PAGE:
The Rancho Santa Fe Association board has agreed to provide San Diego County with an additional $60,000 to update the Environmental Impact Report for the Paseo Delicias/Del Dios Highway roundabouts project, which has now gone “stale.”
“They’re asking us to help finish the process,” RSF Association Manager Bill Overton said at the Feb. 4 meeting. “I would say that a 73 percent vote is compelling community support (for roundabouts) and it would be reasonable to use Covenant Enhancement Funds to complete this project and carry out the survey.”
It took some time for the county to respond to the Association’s November letter about the survey-backed preference for roundabouts.
Leann Carmichael, a county program manager with the department of public works, wrote a letter on Jan. 28 that detailed the long, winding road it took to get to where they are now, starting back in 2004 when the Association requested the roundabouts as an alternative to traffic signals.
“Since that time, community interest waxed and waned. Considerable time, funding and effort were expended to bring the project to Draft EIR public review from late 2012 to early 2013,” read Carmichael’s recap. “As part of the EIR public process, the Association requested a reduction in the size of the roundabouts and took a passive position of not objecting to the EIR. Concurrently, the Association also initiated a new independent study of a traffic signal concept.”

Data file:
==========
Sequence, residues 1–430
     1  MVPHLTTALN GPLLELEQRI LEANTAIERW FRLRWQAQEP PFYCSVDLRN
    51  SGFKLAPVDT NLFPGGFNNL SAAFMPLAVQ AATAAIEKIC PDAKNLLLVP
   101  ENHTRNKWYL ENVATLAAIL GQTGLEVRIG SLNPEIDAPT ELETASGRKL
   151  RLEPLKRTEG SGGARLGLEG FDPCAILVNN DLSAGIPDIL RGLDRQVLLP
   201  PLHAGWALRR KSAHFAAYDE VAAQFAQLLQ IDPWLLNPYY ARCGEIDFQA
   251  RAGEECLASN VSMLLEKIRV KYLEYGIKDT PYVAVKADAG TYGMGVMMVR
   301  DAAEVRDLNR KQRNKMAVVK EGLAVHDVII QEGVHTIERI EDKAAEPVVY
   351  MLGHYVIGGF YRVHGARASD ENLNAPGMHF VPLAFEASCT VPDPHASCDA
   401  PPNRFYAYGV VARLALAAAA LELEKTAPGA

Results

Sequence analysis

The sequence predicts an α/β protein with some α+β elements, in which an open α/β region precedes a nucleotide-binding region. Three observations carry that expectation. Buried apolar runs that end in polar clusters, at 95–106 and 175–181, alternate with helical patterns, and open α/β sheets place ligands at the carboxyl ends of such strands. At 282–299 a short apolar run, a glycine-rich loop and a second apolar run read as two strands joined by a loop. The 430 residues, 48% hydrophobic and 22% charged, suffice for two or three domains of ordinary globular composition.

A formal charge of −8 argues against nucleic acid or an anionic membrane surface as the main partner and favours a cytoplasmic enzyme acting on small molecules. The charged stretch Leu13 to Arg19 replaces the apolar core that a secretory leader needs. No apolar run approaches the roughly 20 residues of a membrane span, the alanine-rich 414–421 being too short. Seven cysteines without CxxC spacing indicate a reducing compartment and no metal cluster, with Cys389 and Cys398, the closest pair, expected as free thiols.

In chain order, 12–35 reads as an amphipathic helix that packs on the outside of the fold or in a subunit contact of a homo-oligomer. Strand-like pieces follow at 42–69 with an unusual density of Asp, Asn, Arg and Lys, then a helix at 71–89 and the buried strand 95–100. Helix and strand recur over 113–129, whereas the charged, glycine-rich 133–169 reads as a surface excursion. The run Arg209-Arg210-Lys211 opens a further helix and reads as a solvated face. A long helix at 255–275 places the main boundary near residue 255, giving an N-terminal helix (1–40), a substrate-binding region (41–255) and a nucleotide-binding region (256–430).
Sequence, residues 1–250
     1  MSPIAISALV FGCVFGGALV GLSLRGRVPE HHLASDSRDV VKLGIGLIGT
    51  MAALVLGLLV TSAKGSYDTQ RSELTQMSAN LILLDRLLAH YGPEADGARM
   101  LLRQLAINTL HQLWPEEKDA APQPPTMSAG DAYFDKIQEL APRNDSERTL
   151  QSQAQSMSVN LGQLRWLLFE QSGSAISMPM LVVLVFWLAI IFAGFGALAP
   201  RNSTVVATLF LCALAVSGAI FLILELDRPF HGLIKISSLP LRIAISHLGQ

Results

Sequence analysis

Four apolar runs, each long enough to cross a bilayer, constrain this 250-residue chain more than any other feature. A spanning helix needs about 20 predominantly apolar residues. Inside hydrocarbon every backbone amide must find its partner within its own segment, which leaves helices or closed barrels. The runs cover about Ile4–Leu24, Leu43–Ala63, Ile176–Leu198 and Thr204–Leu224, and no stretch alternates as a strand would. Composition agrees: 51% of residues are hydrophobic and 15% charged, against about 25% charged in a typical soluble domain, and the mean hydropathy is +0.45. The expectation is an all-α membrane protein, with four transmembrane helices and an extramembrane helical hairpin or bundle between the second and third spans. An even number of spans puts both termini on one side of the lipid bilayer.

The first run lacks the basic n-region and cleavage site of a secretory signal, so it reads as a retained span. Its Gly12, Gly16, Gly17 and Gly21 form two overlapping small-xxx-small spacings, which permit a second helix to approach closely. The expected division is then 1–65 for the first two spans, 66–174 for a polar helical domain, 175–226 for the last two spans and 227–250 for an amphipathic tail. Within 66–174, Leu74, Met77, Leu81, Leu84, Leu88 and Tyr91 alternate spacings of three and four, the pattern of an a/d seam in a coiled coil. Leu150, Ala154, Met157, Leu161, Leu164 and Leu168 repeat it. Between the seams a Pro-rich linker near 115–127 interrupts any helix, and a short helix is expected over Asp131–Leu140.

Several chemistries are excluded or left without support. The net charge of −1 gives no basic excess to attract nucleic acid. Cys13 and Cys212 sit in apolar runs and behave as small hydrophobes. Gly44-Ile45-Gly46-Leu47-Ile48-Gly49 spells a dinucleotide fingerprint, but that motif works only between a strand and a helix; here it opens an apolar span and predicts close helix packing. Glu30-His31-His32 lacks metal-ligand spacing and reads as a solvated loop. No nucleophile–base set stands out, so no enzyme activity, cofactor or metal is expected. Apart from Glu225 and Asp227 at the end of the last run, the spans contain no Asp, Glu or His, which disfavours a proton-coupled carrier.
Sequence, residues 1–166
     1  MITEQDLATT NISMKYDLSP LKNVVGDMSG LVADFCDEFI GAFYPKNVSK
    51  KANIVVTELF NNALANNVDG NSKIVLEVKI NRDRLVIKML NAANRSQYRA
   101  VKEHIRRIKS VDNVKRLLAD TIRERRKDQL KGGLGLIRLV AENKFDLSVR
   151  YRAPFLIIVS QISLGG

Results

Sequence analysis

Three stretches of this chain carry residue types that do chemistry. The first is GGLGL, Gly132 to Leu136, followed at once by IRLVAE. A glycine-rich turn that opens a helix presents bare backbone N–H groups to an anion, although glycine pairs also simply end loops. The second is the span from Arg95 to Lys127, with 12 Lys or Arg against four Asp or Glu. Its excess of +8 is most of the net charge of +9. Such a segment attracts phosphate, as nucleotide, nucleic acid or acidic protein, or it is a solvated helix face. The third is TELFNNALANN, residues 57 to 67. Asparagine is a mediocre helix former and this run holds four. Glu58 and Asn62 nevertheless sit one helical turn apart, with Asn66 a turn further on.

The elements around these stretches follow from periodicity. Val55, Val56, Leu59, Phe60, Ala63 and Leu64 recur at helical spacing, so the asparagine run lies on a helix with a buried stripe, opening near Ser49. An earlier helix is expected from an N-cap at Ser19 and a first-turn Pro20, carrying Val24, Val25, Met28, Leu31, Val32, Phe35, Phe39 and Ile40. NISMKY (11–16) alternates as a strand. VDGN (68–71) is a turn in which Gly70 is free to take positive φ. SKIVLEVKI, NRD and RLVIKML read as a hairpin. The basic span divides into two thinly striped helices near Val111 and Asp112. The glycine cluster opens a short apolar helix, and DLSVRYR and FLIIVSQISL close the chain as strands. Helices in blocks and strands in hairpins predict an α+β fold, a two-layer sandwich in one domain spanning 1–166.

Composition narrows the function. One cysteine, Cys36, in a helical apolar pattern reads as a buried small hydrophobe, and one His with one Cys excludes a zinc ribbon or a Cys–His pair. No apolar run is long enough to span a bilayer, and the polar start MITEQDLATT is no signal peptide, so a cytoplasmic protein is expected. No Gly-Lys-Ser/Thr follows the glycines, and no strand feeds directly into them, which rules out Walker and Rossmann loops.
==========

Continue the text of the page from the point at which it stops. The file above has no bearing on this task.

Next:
Carmichael said based on the lack of clear support for roundabouts and the “upswing in support for signals,” the county held off on certifying the EIR pending a clear recommendation. In May 2015, the county received the request to move forward with traffic signals, which was followed by the community-wide survey and the Association then asking to reverse its May request, submitting the preference for roundabouts in fall 2015.
“I think it’s important that the membership knows, in reading this letter from the county, how tragically flawed our decision-making process is in this community,” said board member Kim Eggleston. “(The letter) is a condemnation of the wishy-washy, back and forth, one vocal minority overrides another vocal minority and we end up doing absolutely nothing… and this goes back to 2004.”
Twelve years later, Eggleston said he hopes they are now making progress and that they will be more decisive in their decision-making.
“I think the membership needs to know, this is no way to run a railroad,” Eggleston said. “I think it’s important that we get this issue behind us, give them the money, do it.”
The cost to “refresh” the expired EIR is a total of $75,000, of which the county has $15,000 remaining for the project. The county requested the Association kick in the remaining $60,000 required to refresh and certify the EIR.
Funding has not been identified for the roundabouts project and there is no estimated time frame for construction completion.
In granting the money, the board members also wanted to ensure that once the EIR is certified it will remain certified and that it wouldn’t expire while they are waiting for funding.